As a result of these tests, GLI concluded that "while certain players … may experience a winning or losing series of game plays, the ultimate determining factor in the overall payout of the device resides within the software itself."
In other words, even though Fish Hunter games appear to be skill-based, they're actually games of chance where a software governor controls the payouts with a set algorithm. If players are losing too fast, the game will spawn easier-to-kill large fish or trigger a jackpot. If the player's doing well, it ramps up the damage necessary to down a high-point fish. As far as the analysts could tell, this chance system makes wagering more on each shot worthless, since the game is ultimately determining randomly whether or not the player actually catches the fish they hit. GLI also pointed out that operators can adjust this algorithm via the game settings menu, where operators can set the game's "Chance Level" anywhere between 1 and 10.
That's a feature more common to slot machines than arcade games.
"The King of Treasures device, as provided, possesses all of the characteristics typically associated with a gambling device," concluded the report. However, GLI also noted that this definition would only hold water if the game's credits or tickets were exchanged for cash or a cash-equivalent on site.
As casinos turn to video game-slot machine hybrids as a way to draw in Millennials, the line between an arcade and a casino will get increasingly thin.
But as definitive as this report seems, forensic reports don't always hold up to legal scrutiny. Despite the large number of machines confiscated, Honolulu prosecutors couldn't get those 414 felony gambling charges to stick in court. First, a judge threw the case out in 2014, after it came to light that the prosecution's gambling expert wasn't certified to comment on sweepstakes machines. The state re-filed, but last August the prosecution's second attempt got dismissed with prejudice under a speedy trial rule—and because their case still contained the tainted expert testimony. Despite the state dropping all charges, eighty of the arcade owners' machines remain in police custody.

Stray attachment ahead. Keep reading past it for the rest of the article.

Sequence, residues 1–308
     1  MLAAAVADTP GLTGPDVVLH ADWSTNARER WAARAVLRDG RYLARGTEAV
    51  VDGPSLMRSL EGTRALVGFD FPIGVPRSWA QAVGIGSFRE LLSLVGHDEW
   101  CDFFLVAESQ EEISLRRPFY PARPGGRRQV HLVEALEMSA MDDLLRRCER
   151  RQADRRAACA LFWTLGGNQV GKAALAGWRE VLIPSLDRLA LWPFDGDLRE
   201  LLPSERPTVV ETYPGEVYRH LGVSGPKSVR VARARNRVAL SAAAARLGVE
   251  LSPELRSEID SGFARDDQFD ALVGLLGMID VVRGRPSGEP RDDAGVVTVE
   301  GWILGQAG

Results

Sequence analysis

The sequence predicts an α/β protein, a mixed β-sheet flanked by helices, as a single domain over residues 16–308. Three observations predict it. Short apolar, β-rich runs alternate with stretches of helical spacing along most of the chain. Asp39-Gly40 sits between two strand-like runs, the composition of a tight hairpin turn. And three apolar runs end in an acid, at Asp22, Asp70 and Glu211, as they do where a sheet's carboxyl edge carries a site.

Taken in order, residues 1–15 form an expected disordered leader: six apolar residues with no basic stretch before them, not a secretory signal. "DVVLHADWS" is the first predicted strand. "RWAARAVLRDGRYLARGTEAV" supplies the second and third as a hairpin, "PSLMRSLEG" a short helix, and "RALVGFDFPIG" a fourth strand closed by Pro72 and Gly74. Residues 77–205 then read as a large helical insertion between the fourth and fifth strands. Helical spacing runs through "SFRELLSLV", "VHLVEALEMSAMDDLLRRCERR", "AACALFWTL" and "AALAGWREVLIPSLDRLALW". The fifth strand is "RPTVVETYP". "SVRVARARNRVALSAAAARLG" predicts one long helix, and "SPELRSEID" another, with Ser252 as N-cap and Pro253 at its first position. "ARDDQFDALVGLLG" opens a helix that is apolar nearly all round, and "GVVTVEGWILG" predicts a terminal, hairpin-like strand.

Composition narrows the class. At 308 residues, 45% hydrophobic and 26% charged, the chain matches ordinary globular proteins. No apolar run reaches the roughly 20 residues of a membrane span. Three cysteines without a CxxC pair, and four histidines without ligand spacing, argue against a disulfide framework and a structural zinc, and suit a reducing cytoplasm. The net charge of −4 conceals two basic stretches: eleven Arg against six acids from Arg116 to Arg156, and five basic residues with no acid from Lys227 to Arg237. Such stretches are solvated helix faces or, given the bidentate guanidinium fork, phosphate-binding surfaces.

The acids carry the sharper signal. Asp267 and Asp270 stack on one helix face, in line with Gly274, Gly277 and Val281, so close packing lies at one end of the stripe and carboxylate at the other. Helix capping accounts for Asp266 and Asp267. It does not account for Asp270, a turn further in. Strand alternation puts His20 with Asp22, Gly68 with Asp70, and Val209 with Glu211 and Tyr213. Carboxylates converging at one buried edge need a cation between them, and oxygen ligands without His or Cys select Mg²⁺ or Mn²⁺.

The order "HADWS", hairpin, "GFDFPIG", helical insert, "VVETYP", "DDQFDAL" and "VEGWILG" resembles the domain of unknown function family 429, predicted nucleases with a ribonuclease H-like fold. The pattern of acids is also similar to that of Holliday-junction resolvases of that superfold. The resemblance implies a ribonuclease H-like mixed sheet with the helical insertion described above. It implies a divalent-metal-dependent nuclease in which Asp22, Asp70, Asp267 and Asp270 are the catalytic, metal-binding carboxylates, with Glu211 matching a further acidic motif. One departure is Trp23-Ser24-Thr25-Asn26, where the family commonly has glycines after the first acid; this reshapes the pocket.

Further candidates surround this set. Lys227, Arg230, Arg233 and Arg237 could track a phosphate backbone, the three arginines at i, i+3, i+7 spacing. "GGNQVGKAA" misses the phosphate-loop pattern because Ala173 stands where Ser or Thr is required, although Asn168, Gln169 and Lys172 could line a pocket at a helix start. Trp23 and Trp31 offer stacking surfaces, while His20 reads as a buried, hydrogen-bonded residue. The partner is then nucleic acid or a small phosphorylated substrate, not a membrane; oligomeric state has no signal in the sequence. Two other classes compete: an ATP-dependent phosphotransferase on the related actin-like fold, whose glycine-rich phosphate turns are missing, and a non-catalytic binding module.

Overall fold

Far from being an outlier, these arcade raids are a sign of things to come. As casinos turn to video game-slot machine hybrids as a way to draw in Millennials, the line between an arcade and a casino will get increasingly thin.
"The last gambling conference I went to in Vegas, the new trend was video game machines where you have much more interaction, like Guitar Hero, or Dance Dance Revolution," says Dr. Fong. "You're controlling a video game character, and if you get a certain number of achievements you win a bonus."
"There's going to be a lot of debate in the next two to five years, because these machines don't look like traditional slot machines." -Doctor Timothy Fong
But for law enforcement and legislators, these machines will mean writing and enforcing new laws that stamp out underground gambling, yet preserve arcades and carnivals. That will prove tricky, and mistakes have already occurred. One Florida law proved so broad that Disney World removed its ticket redemption games and claw machines in case they fell afoul of the police, and arcades like Dave and Busters argued that the law disallowed legitimate arcade systems like added-value swipe cards. This quandary will only get deeper as popular arcade games like DDR come to market in both gambling and non-gambling versions—or if unethical arcade owners create a version that can switch from one to the other.
"There's going to be a lot of debate in the next two to five years, because these machines don't look like traditional slot machines," says Doctor Fong. "They have that integrated [gameplay] experience, and people aren't quite sure what to call it. But at the end of the day, if you put [a machine] in your place of business—and [customers] pay you money based on an uncertain outcome—then it's gambling."
If history is any indication, underground gambling will never go away—but it may go digital.
Gambling is entertainment for the vast majority of people, but 2-3% of gamblers fall into the world of gambling addiction or gambling disease. If you suspect that you or someone you know has a gambling problem, visit the UCLA Gambling Program website for information about treatment. If you live in California and are seeking help for gambling addiction, call 1-800-GAMBLER to get assistance.
Robert Rath is a freelance writer, novelist, and researcher based in Hong Kong. His articles have appeared in Waypoint, Vice, Playboy and Slate. You can follow his exploits at RobWritesPulp.com or on Twitter at @RobWritesPulp